Sir James George Frazer > The Golden Bough > Page 397
Sir James George Frazer (1854–1941).  The Golden Bough.  1922.

Page 397
at her old sanctuary of Eleusis down to the beginning of the nineteenth century. For when the English traveller Dodwell revisited Eleusis, the inhabitants lamented to him the loss of a colossal image of Demeter, which was carried off by Clarke in 1802 and presented to the University of Cambridge, where it still remains. “In my first journey to Greece,” says Dodwell, “this protecting deity was in its full glory, situated in the centre of a threshing-floor, amongst the ruins of her temple. The villagers were impressed with a persuasion that their rich harvests were the effect of her bounty, and since her removal, their abundance, as they assured me, has disappeared.” Thus we see the Corn Goddess Demeter standing on the threshing-floor of Eleusis and dispensing corn to her worshippers in the nineteenth century of the Christian era, precisely as her image stood and dispensed corn to her worshippers on the threshing-floor of Cos in the days of Theocritus. And just as the people of Eleusis in the nineteenth century attributed the diminution of their harvests to the loss of the image of Demeter, so in antiquity the Sicilians, a corn-growing people devoted to the worship of the two Corn Goddesses, lamented that the crops of many towns had perished because the unscrupulous Roman governor Verres had impiously carried off the image of Demeter from her famous temple at Henna. Could we ask for a clearer proof that Demeter was indeed the goddess of the corn than this belief, held by the Greeks down to modern times, that the corn-crops depended on her presence and bounty and perished when her image was removed?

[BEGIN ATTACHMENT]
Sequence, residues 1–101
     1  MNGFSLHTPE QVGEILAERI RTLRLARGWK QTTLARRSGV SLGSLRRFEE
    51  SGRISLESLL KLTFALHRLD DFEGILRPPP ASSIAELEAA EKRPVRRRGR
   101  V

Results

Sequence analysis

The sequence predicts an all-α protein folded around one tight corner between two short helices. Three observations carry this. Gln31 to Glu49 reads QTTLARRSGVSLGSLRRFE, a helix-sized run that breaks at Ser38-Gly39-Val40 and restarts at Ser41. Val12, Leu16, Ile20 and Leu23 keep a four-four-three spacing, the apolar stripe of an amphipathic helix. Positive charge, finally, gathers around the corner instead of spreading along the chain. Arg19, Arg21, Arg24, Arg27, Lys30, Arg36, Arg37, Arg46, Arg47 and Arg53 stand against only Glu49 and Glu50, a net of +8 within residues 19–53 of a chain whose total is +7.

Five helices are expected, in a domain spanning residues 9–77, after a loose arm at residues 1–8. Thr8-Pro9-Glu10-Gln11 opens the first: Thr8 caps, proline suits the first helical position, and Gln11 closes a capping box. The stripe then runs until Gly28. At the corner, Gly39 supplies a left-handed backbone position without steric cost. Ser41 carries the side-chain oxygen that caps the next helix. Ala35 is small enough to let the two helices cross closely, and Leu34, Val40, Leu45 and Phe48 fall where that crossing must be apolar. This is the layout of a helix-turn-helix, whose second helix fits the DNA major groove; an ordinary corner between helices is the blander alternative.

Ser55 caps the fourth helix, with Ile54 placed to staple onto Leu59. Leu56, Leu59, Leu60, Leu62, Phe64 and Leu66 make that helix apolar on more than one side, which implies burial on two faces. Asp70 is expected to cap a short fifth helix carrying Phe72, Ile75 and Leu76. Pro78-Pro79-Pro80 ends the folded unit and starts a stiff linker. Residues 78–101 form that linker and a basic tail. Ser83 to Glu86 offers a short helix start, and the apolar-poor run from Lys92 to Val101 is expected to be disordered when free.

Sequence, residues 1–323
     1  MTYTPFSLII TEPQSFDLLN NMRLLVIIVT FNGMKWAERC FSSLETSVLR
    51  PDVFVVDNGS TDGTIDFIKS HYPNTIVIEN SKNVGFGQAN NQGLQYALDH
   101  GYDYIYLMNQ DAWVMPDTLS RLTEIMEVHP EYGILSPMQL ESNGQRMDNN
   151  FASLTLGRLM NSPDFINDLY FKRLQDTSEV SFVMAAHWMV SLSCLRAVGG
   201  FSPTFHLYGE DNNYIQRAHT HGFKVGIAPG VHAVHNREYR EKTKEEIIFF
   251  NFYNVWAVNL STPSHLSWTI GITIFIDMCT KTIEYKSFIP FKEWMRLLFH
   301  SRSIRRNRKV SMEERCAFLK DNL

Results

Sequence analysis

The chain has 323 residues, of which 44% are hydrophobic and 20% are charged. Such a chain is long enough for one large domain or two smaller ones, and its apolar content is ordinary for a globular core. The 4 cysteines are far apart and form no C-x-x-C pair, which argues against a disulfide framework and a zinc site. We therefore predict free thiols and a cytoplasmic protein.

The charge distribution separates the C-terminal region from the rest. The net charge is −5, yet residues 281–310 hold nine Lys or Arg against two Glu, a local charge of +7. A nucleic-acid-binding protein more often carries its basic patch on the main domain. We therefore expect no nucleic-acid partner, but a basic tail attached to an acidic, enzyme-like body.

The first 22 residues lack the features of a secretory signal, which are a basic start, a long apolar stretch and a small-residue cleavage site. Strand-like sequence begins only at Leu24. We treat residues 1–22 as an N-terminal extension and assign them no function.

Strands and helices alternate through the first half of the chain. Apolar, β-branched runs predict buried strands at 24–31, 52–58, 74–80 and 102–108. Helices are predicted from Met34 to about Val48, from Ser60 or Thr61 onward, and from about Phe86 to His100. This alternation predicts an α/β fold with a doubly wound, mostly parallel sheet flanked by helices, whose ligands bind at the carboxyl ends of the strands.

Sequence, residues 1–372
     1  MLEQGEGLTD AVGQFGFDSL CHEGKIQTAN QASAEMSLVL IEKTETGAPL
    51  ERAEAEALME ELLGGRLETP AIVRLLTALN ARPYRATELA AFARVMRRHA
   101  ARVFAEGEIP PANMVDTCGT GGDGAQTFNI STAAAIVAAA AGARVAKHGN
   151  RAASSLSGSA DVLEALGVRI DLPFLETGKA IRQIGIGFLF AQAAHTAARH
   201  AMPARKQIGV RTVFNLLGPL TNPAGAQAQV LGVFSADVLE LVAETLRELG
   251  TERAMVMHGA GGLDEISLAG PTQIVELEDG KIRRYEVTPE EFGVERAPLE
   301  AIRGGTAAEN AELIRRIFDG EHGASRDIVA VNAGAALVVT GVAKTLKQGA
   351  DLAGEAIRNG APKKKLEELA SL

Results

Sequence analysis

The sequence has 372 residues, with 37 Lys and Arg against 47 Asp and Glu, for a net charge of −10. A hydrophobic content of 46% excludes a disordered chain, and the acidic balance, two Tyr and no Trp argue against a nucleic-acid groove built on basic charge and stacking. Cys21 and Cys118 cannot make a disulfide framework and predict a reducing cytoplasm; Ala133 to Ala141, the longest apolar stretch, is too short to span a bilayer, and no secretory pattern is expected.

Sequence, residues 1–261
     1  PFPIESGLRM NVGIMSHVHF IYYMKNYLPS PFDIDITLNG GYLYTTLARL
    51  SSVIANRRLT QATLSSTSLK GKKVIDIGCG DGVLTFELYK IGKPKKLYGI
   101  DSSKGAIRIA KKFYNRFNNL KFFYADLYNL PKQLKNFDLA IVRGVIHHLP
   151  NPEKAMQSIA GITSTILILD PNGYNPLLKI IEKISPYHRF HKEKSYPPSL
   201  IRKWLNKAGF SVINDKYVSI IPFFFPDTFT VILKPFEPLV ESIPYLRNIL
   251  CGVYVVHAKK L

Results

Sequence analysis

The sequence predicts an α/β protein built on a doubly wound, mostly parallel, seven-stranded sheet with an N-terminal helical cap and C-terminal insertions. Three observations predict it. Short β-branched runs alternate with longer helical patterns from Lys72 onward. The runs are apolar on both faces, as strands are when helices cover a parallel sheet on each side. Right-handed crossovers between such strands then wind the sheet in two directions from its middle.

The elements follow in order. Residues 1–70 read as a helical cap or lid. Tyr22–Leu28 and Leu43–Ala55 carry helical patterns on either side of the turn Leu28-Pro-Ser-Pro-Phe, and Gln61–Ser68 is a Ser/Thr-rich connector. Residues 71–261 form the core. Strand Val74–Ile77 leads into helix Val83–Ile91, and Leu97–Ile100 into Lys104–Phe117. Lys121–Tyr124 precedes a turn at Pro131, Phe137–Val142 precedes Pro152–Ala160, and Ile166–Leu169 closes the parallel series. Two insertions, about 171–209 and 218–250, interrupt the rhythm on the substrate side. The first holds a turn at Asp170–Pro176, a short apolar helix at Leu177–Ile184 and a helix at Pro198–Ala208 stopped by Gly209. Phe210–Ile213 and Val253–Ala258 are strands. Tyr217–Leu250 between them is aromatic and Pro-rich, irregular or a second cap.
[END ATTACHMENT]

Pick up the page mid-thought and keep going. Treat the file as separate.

On the whole, then, if, ignoring theories, we adhere to the evidence of the ancients themselves in regard to the rites of Eleusis, we shall probably incline to agree with the most learned of ancient antiquaries, the Roman Varro, who, to quote Augustine’s report of his opinion, “interpreted the whole of the Eleusinian mysteries as relating to the corn which Ceres (Demeter) had discovered, and to Proserpine (Persephone), whom Pluto had carried off from her. And Proserpine herself he said, signifies the fecundity of the seeds, the failure of which at a certain time had caused the earth to mourn for barrenness, and therefore had given rise to the opinion that the daughter of Ceres, that is, fecundity itself, had been ravished by Pluto and detained in the nether world; and when the dearth had been publicly mourned and fecundity had returned once more, there was gladness at the return of Proserpine and solemn rites were instituted accordingly. After that he says,” continues Augustine, reporting Varro, “that many things were taught in her mysteries which had no reference but to the discovery of the corn.”
  Thus far I have for the most part assumed an identity of nature between Demeter and Persephone, the divine mother and daughter personifying the corn in its double aspect of the seed-corn of last year and the ripe ears of this, and this view of the substantial unity of mother and daughter is borne out by their portraits in Greek art, which are often so alike as to be indistinguishable. Such a close resemblance between the artistic types of Demeter and Persephone

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